The first poll testing the FBI's decision to let Hillary Clinton off with a scolding for her sloppy handling of classified emails as secretary of State found that 54 percent disagreed with the decision not to indict, including a quarter of Democrats.

Rasmussen Reports found that 37 percent of likely voters agreed with the FBI move, 54 percent disagreed and 10 percent were undecided. The poll of 1,000 was taken Tuesday night and after the FBI's press conference announcing its decision.

Among Democrats, 64 percent agreed to let Clinton off with some tough words, but 25 percent disagreed with FBI Director James Comey's decision not to seek a criminal indictment

Among Republicans, 79 percent wanted an indictment. So did Independents, at 63 percent, and 25 percent of Democrats disagreed with the decision.

Other key findings from Rasmussen's analysis:

— Many critics of the FBI's decision claim that lower-level individuals caught mishandling classified information have been subject to prosecution and severe penalties. But 81% of all voters believe powerful people get preferential treatment when they break the law. Just 10% disagree.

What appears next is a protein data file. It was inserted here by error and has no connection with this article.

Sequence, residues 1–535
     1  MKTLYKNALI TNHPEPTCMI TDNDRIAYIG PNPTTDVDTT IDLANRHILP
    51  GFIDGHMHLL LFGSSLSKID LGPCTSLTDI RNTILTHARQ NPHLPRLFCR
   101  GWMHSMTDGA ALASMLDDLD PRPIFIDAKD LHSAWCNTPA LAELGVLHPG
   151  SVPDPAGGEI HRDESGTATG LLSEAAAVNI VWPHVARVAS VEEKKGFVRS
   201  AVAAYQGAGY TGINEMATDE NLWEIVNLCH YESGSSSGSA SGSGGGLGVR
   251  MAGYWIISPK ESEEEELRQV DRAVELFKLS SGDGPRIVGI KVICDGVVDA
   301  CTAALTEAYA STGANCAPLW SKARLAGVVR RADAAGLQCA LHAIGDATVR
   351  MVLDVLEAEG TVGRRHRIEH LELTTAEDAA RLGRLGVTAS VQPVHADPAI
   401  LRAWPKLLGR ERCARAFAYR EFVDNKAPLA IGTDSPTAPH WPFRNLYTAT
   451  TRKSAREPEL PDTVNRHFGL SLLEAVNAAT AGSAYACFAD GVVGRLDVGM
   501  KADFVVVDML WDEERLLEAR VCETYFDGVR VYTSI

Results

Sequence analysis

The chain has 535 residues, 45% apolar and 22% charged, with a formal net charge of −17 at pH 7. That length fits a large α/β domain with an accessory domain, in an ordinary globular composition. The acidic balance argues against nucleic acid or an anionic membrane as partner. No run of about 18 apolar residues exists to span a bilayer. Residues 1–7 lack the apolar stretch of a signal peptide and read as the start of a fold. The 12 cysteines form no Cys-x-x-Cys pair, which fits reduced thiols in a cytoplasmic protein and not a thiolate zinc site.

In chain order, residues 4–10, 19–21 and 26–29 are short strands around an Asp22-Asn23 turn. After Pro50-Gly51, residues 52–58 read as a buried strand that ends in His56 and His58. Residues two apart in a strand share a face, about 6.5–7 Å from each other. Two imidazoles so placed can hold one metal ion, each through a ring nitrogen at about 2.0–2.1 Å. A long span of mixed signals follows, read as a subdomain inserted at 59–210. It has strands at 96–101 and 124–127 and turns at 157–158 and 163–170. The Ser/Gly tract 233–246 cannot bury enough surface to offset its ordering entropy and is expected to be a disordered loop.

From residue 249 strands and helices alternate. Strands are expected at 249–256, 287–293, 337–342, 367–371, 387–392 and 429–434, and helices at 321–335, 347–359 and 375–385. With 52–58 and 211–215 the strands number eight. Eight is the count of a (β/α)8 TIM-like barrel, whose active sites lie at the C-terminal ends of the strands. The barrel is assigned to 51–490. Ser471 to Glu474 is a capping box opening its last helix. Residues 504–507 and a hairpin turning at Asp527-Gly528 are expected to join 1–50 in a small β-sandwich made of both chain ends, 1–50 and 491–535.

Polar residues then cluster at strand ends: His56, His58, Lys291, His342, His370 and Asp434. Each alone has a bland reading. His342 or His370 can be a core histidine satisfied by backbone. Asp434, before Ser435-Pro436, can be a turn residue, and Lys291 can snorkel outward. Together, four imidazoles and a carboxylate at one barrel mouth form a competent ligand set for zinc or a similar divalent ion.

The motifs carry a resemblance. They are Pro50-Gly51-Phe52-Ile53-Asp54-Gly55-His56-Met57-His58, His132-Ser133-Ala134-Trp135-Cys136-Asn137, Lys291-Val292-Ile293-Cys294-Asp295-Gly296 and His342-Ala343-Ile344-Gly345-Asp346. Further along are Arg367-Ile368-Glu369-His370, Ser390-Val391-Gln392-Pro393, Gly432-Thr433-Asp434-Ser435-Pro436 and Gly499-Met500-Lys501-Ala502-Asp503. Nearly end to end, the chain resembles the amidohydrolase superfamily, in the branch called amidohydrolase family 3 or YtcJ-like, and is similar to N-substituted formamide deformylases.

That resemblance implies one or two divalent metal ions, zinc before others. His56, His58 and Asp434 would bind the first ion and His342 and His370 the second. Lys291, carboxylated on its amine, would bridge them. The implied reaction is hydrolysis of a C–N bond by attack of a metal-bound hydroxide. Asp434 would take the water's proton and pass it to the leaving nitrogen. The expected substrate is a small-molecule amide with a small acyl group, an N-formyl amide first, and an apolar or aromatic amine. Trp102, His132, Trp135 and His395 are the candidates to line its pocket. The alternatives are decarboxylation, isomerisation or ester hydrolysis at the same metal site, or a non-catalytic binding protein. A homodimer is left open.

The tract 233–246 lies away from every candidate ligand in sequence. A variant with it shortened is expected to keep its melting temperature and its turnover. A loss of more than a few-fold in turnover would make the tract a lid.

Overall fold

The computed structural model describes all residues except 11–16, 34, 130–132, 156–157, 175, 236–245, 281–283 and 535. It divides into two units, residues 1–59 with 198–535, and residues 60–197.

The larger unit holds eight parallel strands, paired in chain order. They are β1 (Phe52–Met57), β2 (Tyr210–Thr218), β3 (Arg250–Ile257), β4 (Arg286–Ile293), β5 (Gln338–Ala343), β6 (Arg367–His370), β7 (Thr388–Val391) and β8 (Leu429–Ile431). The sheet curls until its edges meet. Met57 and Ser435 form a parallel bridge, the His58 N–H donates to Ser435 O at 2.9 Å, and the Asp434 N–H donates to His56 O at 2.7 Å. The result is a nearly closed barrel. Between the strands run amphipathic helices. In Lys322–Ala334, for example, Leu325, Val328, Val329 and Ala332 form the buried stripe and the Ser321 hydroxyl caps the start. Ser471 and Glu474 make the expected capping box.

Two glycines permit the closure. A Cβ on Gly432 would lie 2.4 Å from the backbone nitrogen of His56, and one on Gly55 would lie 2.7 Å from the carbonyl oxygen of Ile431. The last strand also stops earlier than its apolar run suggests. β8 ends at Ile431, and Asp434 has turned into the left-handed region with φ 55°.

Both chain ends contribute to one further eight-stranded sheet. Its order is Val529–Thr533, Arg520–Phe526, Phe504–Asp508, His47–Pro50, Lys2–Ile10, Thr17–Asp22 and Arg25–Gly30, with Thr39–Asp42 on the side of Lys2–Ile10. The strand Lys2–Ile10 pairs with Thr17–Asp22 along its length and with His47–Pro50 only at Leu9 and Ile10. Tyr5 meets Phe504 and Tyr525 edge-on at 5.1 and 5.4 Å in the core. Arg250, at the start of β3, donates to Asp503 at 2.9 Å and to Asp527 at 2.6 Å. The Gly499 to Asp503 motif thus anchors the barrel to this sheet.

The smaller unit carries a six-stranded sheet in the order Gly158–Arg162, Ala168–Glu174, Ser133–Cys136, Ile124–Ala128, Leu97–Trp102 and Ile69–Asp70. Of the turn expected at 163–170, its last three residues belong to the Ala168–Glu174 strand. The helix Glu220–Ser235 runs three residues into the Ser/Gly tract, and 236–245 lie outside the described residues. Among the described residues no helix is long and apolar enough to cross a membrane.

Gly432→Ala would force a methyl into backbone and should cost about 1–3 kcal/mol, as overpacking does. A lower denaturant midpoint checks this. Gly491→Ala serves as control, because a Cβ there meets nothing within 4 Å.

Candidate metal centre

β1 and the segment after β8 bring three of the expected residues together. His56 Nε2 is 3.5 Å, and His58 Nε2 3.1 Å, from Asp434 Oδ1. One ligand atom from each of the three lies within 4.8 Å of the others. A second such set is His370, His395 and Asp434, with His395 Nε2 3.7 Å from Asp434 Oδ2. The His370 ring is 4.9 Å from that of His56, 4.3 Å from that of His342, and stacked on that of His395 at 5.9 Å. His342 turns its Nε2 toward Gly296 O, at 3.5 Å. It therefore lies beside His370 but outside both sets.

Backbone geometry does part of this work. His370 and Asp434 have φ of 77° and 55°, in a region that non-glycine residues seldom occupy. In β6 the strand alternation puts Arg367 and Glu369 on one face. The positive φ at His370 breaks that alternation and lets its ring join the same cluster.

— Among those who think powerful people get preferential treatment, 63% disagree with the FBI's decision not to seek a criminal indictment of Clinton. Ninety percent (90%) of those who do not believe the powerful are treated differently agree with the FBI's action.

— If Clinton had been indicted, however, only 46% of all voters think it would have been possible for her to get a fair trial. Thirty-three percent (33%) say a fair trial would not have been possible, but 21% are not sure.

— Democrats have a more favorable view of the FBI than Republicans.

Paul Bedard, the Washington Examiner's "Washington Secrets" columnist, can be contacted at